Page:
Sigita Maslauskaitė’s (b. 1970) painting Saint George is created in dark colours and heavyweight brushstrokes. It takes more than one look to understand what is portrayed in it. And once you understand that it is an image of a saint, you may be perplexed: is there really someone painting saints nowadays? Nonetheless, it is only at first sight that this piece of art might look like an exhibit from a boring museum hall.
It is rather difficult to perceive Maslauskaitė’s artwork unambiguously, because there are many things in it that have a different or another side. Even the purely physical contrast looks really interesting: massive paintings and a slender author with a light smile on her face. The deeper you go, the more interesting it gets.
The paintings that are so close to traditional expressionist art are created by an extremely active woman who successfully combines art and science. After graduating from her studies in painting at Vilnius Academy of Arts, she spent three more years at the Pontifical Gregorian University in Rome where she studied ecclesiastical heritage. Upon returning to Lithuania, the artist defended her doctoral thesis in art history and at the same time actively contributed to the process of establishing one of the best museums in Vilnius – the Museum of Ecclesiastic Heritage, which she now heads. In addition to all this, Maslauskaitė writes articles, curates exhibitions, gives lectures and paints consistently, even though not very intensively.
Here the biographic context appears to be really important. It shows that the traditional way of expression in painting that stems from the mid-20thcentury was her conscious choice rather than an imitation of the only known path. It must be noted that it was a rather unpopular choice, too. This kind of painting reminds of museum exhibits and is difficult to reproduce. Paper or screen does not convey the size of her works, the facture of the thick layer of paint and even emotion. The topic of her paintings is rather inconvenient, too. Maslauskaitė’s paintings are often based on religious plots which scare away non-religious viewers, and quite unnecessarily so, as we will soon witness.
The plot of the painting Saint George is no exception. Religious subjects dominate Maslauskaitė’s artwork. When speaking about her choice, she avoids spiritual romantics:‘Most probably, all the characters –angels, jeronimos and georges –are a result of my studies in iconography, doctoral thesis and ecclesiastic stocktaking. But the moment I say it, I want to deny it right away, because, first of all, it is scary to paint saints (all the masterpieces have already been painted), and second, I have seen so many bad modern paintings on religious subjects that I feel the urge to avoid iconography altogether. Most probably the best way to put it would be to say that I am simply painting and familiar characters emerge in the process. I do not create them on purpose.’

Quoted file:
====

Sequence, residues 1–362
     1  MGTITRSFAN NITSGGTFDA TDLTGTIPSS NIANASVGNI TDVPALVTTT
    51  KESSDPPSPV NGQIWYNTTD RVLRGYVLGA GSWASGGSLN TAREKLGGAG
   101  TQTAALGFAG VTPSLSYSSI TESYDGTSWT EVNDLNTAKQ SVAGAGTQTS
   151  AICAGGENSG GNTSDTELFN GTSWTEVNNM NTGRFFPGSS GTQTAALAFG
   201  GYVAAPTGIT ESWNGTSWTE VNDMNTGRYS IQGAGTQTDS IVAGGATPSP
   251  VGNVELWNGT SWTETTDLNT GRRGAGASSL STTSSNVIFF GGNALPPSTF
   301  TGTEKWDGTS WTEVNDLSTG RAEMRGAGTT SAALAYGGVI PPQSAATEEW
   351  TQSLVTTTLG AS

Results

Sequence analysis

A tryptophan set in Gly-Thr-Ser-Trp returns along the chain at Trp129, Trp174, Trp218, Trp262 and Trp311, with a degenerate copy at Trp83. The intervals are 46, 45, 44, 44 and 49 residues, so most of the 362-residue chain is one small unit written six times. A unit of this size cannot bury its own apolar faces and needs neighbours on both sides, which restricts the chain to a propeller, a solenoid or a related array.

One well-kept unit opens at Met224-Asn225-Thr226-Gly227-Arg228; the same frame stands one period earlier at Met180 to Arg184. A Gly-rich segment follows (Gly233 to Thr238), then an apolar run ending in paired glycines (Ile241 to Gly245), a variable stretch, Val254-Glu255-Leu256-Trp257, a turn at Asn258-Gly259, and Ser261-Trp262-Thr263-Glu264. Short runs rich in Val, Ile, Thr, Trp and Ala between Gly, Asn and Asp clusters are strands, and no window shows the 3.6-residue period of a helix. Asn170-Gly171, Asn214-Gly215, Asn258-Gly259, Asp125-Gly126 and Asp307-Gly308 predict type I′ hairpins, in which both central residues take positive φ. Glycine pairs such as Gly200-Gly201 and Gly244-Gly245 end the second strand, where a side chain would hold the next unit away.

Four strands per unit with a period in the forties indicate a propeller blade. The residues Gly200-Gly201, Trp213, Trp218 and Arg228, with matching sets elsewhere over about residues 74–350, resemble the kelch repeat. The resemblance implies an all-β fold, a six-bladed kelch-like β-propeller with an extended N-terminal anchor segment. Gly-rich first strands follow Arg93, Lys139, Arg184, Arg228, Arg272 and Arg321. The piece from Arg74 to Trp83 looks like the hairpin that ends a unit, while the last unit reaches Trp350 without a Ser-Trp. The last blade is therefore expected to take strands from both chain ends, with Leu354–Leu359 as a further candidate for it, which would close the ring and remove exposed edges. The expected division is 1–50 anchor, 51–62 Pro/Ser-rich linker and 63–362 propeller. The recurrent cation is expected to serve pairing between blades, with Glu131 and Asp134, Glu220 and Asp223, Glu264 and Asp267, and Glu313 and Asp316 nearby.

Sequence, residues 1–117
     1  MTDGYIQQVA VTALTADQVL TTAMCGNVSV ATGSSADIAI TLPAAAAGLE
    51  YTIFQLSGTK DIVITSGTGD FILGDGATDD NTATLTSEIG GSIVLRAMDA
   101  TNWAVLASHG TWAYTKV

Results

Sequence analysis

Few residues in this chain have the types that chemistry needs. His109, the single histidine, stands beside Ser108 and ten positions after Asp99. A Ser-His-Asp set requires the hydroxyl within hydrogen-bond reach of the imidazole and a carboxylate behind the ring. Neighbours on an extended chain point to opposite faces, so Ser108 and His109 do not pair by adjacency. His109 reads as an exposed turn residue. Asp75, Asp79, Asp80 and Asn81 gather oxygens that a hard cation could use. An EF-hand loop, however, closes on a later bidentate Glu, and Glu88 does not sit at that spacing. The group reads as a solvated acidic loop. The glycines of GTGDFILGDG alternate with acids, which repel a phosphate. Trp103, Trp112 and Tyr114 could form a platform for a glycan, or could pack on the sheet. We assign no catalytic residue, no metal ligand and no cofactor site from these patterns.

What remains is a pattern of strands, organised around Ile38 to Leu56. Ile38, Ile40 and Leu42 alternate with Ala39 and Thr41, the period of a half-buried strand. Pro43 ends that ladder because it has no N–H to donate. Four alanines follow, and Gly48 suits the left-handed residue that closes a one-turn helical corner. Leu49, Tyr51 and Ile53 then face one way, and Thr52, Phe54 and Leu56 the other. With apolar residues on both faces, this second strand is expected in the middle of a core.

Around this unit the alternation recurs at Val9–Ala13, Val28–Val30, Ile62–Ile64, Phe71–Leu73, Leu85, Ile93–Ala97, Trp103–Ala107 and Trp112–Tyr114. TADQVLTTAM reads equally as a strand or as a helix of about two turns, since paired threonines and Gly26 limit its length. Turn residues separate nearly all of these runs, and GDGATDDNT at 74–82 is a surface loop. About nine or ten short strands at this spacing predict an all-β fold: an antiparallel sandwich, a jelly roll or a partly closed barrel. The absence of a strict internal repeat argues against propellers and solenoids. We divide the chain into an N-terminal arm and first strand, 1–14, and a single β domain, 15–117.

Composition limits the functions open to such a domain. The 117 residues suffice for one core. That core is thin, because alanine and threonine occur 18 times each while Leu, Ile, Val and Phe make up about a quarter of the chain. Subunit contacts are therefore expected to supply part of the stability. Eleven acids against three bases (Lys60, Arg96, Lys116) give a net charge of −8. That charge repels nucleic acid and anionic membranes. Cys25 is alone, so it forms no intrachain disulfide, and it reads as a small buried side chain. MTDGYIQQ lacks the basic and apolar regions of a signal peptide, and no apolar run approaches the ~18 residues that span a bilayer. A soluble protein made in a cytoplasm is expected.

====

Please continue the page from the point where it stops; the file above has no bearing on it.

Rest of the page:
Standing in front of a two-metre high painting feels like a confrontation in a combat. Maslauskaitė wrestles with paint and spreads one layer after another in an absolutely‘unladylike’way to have figures and new colours emerging from her thick brushstrokes. It is obvious that the portrayed figure is fighting fiercely too, but its enemy is not clearly visible. When we hear about Saint George, the image of a dragon, an inseparable iconographic attribute of the saint, comes to our mind right away. The plot is popular and the funny small dragons, just like the formidable giant dragons in the old paintings and frescos, always bring a smile to the faces of viewers.
Maslauskaitė’s saint is fighting today, in this very moment, therefore, it is fighting an abstraction. The efforts of the character can be sensed from dynamic movements of the portrayed figure, all the brushstrokes that come out in sinister puffs and the colours of the painting that remind of a night lit by the flames of fire. It is not quite necessary to remind ourselves that it is a saint when admiring the figure of the character in the painting. It could as well be a mere image of a troublesome sleepless night or that of a day when you fail to understand what is actually happening around you.
No matter whom we decide to identify the portrayed figure with –a saint or our own self –it simply continues to radiate energy and tell about a motion that might never end. From time to time indescribable flashes of light penetrate the dark. Here and there multicolour shades are interrupted with pure colours and the brushstrokes continue to whirl in circles as if in a never ending battle. Or in real life.